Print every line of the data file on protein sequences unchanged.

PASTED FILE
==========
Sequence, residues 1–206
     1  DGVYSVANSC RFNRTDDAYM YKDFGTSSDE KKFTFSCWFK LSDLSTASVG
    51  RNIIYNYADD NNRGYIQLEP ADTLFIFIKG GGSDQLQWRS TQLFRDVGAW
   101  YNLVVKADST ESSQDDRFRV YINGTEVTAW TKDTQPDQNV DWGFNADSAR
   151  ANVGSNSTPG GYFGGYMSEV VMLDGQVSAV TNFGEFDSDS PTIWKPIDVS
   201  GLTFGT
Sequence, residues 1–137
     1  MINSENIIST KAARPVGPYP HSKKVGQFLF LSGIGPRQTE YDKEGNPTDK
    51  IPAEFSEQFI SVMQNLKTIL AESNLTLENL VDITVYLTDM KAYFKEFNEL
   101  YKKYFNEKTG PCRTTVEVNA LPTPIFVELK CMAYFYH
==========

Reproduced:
Sequence, residues 1–206
     1  DGVYSVANSC RFNRTDDAYM YKDFGTSSDE KKFTFSCWFK LSDLSTASVG
    51  RNIIYNYADD NNRGYIQLEP ADTLFIFIKG GGSDQLQWRS TQLFRDVGAW
   101  YNLVVKADST ESSQDDRFRV YINGTEVTAW TKDTQPDQNV DWGFNADSAR
   151  ANVGSNSTPG GYFGGYMSEV VMLDGQVSAV TNFGEFDSDS PTIWKPIDVS
   201  GLTFGT
Sequence, residues 1–137
     1  MINSENIIST KAARPVGPYP HSKKVGQFLF LSGIGPRQTE YDKEGNPTDK
    51  IPAEFSEQFI SVMQNLKTIL AESNLTLENL VDITVYLTDM KAYFKEFNEL
   101  YKKYFNEKTG PCRTTVEVNA LPTPIFVELK CMAYFYH